Take a Hike

I rather enjoy walking in the woods not far from home; calling it “hiking” might be a bit of an exaggeration, since the areas I frequent are wide, well-groomed trails not far from civilization, for the most part. But I thought it might be nice to take a short hike (about 6.5km) through the Pyramid Mountain Natural Historic Area (map here).

Now, I could do 6.5km in town on paved streets without really trying, but hiking in the woods is a different matter. The trails here are well-marked, but not nearly as well-groomed as I’m used to — but that’s probably the city girl in me. I had to watch my footing carefully to be sure not to turn an ankle on a root or one of the many, many fallen acorns. That was what made the most noise in the forest while I walked, other than me: acorns falling off of the trees. I’m surprised I didn’t get beaned.

The first part of the trail was pretty steep, with even a few switchbacks to keep the adventure from transitioning from “hiking” to “climbing”. I took the Blue Trail from the Visitor’s Center to the first overlook, and was treated with the above view from the top of Pyramid Mountain. I believe that the water you can see at the bottom is part of the Taylortown Reservoir. Obviously this hike was taken a few weeks ago, before the leaves started to change; I imagine that the view must be even lovelier with the fiery colours of fall.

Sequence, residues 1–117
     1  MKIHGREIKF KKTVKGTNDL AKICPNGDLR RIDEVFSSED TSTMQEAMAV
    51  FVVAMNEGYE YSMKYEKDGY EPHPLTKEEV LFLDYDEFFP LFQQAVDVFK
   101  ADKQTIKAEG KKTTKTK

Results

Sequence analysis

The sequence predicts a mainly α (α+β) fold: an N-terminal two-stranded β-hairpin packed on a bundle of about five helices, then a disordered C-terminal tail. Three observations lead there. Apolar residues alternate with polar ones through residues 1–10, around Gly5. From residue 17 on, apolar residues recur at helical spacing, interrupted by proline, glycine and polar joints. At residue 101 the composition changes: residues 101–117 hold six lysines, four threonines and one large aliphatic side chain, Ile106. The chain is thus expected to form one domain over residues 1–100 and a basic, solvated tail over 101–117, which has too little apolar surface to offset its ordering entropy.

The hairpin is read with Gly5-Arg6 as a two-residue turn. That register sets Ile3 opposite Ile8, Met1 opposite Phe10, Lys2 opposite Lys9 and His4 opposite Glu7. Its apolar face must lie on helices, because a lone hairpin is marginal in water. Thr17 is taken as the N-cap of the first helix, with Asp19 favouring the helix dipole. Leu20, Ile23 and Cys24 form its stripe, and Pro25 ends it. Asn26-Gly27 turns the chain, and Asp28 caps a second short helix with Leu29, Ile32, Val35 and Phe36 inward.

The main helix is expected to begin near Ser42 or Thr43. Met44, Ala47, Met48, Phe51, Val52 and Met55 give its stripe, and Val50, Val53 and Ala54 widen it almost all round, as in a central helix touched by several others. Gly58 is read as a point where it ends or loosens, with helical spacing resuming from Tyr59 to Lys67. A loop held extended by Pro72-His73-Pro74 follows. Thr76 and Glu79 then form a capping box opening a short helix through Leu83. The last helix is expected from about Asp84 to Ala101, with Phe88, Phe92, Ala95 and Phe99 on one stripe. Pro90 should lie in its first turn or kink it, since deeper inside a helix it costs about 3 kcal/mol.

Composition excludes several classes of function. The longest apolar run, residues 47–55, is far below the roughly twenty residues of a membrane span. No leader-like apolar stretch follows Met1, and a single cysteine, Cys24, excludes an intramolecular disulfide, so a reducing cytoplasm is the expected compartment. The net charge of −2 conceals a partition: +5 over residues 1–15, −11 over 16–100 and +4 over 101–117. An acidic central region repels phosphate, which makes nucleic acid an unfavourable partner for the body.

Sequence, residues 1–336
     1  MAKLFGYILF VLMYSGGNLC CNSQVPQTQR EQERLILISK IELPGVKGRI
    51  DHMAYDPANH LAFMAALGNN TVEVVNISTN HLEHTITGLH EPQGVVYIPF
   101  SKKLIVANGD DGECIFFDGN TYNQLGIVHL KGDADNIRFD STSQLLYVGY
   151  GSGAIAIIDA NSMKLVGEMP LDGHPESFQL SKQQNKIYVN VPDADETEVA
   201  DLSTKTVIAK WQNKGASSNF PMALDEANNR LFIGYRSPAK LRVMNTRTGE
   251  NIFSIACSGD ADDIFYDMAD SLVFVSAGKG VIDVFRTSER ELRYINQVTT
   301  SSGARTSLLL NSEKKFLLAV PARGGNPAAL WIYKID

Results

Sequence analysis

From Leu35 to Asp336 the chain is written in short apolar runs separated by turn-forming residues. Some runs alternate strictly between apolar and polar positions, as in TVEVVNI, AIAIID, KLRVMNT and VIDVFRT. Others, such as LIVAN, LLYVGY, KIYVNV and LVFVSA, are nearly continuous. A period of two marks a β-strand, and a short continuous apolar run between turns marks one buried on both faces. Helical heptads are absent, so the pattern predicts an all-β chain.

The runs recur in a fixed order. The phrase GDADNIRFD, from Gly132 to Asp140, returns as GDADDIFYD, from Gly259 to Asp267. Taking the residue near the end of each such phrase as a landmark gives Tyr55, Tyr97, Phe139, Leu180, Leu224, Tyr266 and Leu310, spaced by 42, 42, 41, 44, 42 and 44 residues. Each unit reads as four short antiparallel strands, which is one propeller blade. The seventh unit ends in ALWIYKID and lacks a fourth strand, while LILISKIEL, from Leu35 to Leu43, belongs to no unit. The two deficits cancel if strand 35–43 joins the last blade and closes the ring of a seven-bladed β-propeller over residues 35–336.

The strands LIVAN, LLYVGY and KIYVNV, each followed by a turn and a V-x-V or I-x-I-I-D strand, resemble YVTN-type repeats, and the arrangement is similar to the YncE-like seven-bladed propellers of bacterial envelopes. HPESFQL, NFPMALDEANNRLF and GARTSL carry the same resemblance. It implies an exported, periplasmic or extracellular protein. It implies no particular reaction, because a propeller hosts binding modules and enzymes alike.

Continuing on, I was paying such careful attention to my footing that I almost missed this tiny little wizard hiding in a tree.

The Blue Trail continued to Tripod Rock, which is a glacial erratic, which is basically a large rock dropped by the Wisconsin Glacier that doesn’t geologically match the stone in the surrounding area. It’s also called a perched boulder because, well, it’s perched on three smaller boulders. As precarious as this placement may seem, it’s a very sturdy formation and isn’t likely to shift anytime soon, barring human intervention.

Here’s a shot of me with the rock for scale. Please excuse the frizzy hair; it was very hot and humid that day! I should have brought a hair clip. I took these photos with my camera propped up on the bedrock outcrop that is mentioned on the Wikipedia entry map, if you’re trying to figure out the orientation.

From this angle you can see the supporting tripod of boulders more clearly.

Next it was down the Blue/White Trail to check out Bear Rock. This is another glacial erratic and it absolutely dwarfs its better-known compatriot:

This photo was taken from the little bridge over Bear House Brook; my camera was propped up on one of the railings.

After this point I misread a trail marker and ended up halfway through Bear Swamp before the masses of mosquitoes clued me into the fact that I’d made a wrong turn. Then I hiked back to Bear Rock, took the White Trail to the Blue Trail back to the visitor’s center and my car.

Except for my wrong turn, which was entirely my own fault, this was a lovely hike and I highly recommend it! The rock formations are very interesting and make great destinations.

Algonquin Park Camping: Day 3